In today’s financially motivated world, financial technology - AKA “fintech” - has allowed people to manage their finances without stepping into a bank. In fact, a Bank of America study found that 62 percent of people now use digital banking. Therefore, it seems prudent to share a few ways to keep yourself safe while using these kinds of mobile apps.
Unfortunately, data theft is far from uncommon, but there are ways that you can manage your online banking without sacrificing your security. Let’s review some of these practices now.
Use Official Applications
I want to offer you your choice of options: on one hand, you have an official banking application that has been tested and secured for your protection, and on the other, you have assorted applications that make things easier (assuming that you find fraud, data theft, and financial damages “easier”). Sticking to the official application that your bank distributes is a much safer option, as the banks will have a much greater respect for your security and will have invested in the encryption and other protections to keep your finances safe.
Use Strong Authentication Measures
While we’ve been known to say this a lot, it doesn’t make the fact that you need a strong password any less true. Considering what your bank account contains, keeping your account as secure as possible with upper and lowercase letters, numbers, and symbols is essential. It is also worth checking if your bank has the option to protect your accounts with multi-factor authentication and embracing the opportunity if it does.
Avoid Automatic Logins
Let’s consider a scenario. You use your phone to access your banking details on a regular basis, so you’ve set it up to automatically log you in once you access the application. Assuming this to be the case, consider what could happen if your phone were stolen. Disabling autofill and autologin can help keep your accounts secure if your device is ever absconded with.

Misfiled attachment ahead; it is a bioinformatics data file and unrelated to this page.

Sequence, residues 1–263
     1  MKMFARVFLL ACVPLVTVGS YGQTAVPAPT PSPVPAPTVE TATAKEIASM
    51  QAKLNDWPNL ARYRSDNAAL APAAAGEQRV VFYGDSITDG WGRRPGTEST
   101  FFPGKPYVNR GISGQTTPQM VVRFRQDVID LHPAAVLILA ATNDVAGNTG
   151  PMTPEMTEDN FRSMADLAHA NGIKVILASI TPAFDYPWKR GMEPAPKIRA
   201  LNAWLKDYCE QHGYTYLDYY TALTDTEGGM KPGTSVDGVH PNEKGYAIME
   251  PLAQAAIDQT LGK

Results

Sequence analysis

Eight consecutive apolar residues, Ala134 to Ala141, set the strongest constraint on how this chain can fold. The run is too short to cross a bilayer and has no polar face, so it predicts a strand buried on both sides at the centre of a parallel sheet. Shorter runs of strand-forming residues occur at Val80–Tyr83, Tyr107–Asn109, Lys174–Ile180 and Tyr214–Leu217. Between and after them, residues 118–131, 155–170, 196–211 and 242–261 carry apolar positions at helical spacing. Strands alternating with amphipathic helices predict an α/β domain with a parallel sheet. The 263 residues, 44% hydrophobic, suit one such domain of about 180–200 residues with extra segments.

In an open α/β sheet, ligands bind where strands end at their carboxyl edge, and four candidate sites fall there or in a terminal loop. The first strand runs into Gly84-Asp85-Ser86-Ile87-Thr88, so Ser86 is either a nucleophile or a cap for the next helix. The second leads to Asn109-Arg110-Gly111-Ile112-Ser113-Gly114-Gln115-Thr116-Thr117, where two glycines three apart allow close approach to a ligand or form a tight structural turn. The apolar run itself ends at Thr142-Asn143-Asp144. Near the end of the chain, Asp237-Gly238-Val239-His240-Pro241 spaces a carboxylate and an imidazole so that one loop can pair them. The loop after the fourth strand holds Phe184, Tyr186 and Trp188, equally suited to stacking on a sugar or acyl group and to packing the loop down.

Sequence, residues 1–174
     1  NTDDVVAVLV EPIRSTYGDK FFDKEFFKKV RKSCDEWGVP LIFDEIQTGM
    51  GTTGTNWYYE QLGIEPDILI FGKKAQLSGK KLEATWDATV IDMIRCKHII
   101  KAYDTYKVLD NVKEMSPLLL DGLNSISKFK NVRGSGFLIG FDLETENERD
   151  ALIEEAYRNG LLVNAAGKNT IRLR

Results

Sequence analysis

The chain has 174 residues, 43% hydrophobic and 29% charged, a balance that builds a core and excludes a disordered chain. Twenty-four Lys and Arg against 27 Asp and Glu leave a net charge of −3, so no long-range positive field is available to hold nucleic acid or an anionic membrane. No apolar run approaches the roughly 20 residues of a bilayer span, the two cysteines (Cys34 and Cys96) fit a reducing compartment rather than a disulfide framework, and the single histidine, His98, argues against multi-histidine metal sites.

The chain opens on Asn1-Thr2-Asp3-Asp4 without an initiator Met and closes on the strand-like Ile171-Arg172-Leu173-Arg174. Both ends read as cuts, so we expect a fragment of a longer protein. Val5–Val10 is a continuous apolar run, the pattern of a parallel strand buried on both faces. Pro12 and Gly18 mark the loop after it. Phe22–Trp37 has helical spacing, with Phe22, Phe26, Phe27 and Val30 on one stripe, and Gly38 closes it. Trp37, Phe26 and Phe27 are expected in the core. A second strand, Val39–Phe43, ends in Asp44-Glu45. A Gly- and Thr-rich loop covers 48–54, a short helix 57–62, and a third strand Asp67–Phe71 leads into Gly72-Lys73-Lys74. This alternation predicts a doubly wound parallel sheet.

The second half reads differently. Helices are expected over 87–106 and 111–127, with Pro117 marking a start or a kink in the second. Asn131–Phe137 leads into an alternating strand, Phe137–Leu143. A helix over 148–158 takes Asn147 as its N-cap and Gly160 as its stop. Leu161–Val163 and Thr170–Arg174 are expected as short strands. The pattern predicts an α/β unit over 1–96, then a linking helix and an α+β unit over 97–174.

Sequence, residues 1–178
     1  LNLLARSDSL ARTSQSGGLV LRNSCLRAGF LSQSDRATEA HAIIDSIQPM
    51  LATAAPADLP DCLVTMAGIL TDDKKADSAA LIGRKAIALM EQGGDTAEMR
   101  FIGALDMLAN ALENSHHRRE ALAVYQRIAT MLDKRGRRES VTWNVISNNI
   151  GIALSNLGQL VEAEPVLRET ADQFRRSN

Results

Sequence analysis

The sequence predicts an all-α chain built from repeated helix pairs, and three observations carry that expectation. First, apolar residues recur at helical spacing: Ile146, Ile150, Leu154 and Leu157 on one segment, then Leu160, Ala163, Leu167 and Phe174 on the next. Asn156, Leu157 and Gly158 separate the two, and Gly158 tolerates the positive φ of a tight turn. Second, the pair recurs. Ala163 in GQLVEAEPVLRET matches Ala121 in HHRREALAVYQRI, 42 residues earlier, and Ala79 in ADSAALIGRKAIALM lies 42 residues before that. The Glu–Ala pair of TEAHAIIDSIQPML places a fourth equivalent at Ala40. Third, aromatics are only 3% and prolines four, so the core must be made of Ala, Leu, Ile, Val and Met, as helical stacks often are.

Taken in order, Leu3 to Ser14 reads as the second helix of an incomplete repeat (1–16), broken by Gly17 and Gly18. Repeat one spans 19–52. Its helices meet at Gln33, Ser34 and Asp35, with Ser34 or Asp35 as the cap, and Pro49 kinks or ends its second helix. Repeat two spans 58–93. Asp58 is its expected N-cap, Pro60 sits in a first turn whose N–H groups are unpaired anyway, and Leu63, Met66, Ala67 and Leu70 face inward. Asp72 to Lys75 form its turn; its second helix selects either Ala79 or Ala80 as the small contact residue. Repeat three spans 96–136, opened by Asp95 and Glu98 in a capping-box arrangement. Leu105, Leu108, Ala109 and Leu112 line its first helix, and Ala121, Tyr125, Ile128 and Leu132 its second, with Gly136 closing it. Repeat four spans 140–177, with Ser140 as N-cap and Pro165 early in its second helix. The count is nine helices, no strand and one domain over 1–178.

Stick to Trusted Wi-Fi Connections
Unfortunately, Wi-Fi networks can vary wildly in their security, which makes them a hotbed for potential data theft. There are plenty of ways to set up a fraudulent network and steal account information. To be sure you aren’t doing that, make sure you are only using a trusted and secured Wi-Fi connection to access this data, and if you can’t do that, use your mobile data plan.
Know to Spot Attempted Phishing
Cybercrime has evolved past the idea of someone furiously tying lines of code into a keyboard to access someone’s bank account. Now that most networks are secure behind encryption protocols capable of keeping an attack out for at least a few decades, hackers and scammers target a more vulnerable part of the network and go after the user with deceit and trickery. This is what is known as a phishing attack, and so it is important to know how to spot and avoid them.
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